One of the most important things to have aboard Wild Horses is plenty of fresh water. Wild Horses has three 57-gallon water tanks, which sounds like a lot but isn’t really when you take stock of all your water uses in a day. Drinking, showering, laundry, cleaning. It all adds up.
While in the Thousand Islands, we manage our water usage easily. We can fill our tanks as often as we please at our dock slip at no additional cost, which means we can stay out at anchor for several weeks at a time and only stop in at our dock to re-fill our water tanks. We tend to use this water for drinking, showering and laundry. For cleaning the boat and the anchor, well we pull that water straight from Lake Ontario.
This all changes when we head for the Caribbean. Water for our tanks is no longer free and, once we get to the Atlantic Ocean, it gets pretty salty. For those out there that do not know the woes of salt water, well, they are many. It is corrosive to the boat and its gear, leaves a “not quite dry” feeling on fabrics and it is definitely, absolutely and undeniably not drinkable.
The solution? A reverse osmosis system. Or, as sailors like to call it – a watermaker. Whatever you call it, its main purpose is desalination. That is, it converts seawater to fresh water. Yes! Plenty of fresh water on demand!
We went with Rainman Watermakers due to their product options (AC or DC driven), size (compact and portable), flexibility (no proprietary parts i.e. we can get replacement parts anywhere), reputation (great quality and service) and cost (about $8,000 CAD installed). We ordered our unit through SeaTask in Ft. Lauderdale but the unit actually shipped straight to us from Down Under. That's right, Australia. Sydney Australia to be exact.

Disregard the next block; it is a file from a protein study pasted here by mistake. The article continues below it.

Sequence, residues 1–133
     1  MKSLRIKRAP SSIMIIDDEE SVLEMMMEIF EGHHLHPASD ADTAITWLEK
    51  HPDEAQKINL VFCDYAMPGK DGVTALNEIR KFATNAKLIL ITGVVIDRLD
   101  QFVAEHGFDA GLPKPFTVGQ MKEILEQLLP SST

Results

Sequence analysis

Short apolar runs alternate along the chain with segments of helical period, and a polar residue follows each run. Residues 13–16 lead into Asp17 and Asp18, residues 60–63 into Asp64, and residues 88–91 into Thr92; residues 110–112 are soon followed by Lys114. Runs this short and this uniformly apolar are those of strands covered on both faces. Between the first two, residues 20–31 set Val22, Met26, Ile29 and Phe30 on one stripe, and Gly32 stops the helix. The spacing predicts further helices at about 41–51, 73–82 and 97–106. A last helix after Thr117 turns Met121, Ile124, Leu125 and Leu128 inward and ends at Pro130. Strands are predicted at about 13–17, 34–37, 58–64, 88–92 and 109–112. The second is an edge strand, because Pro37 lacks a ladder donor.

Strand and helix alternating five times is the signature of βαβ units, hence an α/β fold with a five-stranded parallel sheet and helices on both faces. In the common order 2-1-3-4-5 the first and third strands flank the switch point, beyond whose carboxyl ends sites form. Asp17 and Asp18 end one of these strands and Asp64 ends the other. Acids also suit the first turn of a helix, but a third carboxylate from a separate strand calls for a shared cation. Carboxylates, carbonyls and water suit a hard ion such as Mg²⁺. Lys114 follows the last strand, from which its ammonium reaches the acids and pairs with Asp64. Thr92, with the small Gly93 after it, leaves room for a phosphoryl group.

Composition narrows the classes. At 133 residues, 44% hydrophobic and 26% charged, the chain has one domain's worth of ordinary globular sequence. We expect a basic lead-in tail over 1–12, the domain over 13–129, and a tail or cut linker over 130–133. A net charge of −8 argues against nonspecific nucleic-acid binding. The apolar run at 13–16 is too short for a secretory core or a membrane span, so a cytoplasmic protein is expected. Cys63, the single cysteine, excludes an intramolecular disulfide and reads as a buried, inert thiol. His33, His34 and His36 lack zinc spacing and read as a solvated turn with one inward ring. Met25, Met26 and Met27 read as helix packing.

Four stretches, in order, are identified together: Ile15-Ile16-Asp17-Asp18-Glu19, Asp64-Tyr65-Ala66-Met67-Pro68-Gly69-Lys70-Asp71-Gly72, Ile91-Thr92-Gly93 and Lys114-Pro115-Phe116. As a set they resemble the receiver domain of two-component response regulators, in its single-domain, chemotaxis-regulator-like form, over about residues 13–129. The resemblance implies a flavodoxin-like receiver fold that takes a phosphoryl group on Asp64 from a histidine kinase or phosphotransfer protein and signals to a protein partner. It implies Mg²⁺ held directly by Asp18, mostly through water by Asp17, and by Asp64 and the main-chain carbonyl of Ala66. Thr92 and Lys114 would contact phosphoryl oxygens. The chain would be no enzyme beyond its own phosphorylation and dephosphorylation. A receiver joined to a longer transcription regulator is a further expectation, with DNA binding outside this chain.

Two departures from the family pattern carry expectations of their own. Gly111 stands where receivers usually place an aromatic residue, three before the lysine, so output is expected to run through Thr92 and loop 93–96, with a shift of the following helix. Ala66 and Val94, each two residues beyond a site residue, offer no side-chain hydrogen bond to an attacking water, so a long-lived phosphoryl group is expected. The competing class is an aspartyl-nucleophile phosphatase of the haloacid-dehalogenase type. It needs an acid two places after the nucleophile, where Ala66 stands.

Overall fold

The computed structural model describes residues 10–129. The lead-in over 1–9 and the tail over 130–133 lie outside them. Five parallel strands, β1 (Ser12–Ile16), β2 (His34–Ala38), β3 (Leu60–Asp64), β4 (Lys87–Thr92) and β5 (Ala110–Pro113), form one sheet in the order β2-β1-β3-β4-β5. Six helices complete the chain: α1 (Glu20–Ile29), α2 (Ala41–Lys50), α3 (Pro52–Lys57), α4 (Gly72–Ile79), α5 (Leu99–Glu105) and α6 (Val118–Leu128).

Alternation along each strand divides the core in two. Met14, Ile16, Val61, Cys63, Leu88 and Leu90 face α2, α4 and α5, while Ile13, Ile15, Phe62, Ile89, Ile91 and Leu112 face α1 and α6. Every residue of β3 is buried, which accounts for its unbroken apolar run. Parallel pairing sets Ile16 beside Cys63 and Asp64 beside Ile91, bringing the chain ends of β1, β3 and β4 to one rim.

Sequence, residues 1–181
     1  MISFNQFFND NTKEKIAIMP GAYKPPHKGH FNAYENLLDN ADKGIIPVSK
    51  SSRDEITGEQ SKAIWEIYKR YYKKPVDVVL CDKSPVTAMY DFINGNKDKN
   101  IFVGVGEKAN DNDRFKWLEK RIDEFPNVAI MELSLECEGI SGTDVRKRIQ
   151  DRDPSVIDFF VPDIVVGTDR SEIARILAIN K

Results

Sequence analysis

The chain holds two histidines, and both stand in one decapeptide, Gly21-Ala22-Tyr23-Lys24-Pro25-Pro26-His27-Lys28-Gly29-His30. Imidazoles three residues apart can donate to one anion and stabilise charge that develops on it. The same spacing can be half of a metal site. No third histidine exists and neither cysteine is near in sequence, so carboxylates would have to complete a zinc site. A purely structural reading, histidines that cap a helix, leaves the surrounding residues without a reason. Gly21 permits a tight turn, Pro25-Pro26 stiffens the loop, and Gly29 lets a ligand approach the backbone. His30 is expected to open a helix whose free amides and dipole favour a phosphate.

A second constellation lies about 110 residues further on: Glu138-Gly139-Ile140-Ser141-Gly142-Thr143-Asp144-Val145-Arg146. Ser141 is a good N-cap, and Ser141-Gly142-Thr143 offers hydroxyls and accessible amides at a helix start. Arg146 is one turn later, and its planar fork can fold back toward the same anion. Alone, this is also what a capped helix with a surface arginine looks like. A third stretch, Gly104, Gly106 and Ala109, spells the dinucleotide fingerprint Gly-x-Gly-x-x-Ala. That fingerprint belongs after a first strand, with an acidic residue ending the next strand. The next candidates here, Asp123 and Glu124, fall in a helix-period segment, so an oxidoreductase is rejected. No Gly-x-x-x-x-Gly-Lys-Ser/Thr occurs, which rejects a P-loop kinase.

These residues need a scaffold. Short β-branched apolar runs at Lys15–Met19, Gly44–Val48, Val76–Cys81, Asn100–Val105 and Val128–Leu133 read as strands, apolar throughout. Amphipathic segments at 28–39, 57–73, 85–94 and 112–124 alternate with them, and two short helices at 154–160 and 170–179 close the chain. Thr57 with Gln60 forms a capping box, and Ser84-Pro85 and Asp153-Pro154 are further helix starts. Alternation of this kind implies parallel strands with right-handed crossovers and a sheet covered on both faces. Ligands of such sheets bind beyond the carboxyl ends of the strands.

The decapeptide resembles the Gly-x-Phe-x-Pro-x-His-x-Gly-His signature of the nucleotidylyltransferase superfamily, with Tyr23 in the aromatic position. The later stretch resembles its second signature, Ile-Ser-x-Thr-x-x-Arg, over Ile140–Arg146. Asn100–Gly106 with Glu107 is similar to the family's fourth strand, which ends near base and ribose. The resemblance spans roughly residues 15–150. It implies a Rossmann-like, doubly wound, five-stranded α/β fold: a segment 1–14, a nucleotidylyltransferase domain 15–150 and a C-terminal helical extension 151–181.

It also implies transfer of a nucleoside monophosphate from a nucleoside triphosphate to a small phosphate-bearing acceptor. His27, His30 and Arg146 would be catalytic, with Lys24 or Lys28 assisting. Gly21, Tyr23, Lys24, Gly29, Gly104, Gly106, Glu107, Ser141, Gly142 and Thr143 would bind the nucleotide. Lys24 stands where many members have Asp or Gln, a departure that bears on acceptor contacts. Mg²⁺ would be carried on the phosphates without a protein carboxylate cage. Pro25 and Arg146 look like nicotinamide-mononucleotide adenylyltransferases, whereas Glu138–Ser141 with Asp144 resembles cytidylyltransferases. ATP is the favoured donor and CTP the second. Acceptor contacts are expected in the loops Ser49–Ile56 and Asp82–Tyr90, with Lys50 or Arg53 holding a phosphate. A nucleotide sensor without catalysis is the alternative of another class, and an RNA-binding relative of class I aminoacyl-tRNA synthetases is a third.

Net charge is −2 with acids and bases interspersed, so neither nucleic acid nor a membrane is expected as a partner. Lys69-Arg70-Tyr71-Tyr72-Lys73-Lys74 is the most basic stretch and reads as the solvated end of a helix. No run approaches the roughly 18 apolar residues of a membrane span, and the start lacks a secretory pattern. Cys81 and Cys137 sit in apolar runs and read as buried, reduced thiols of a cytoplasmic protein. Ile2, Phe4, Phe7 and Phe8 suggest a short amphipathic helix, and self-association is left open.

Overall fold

There are lots of product options with Rainman and we decided to go with their AC powered high-capacity unit called the “Rainman Naked”. This unit doesn’t just have a catchy name – it is also quite a dynamo when it comes to desalination. It will actually fill one of our water tanks in just over an hour. In other words, we will always have plenty of water for de-salting the anchor, decks, Ocean (the dog, not the body of water 😉) and ourselves after swimming, for long showers, for laundry and for dishes. Oh yeah, and for a nice cool glass of fresh water on a hot day. Amazing!
Our plan is to install the watermaker early this summer so it is ready to go prior to our departure in September. More updates to come for the install!
Victoria is a hiker, dog-lover, blog writer and planner extraordinaire. Oh, yeah and she is kind of fond of living on a boat.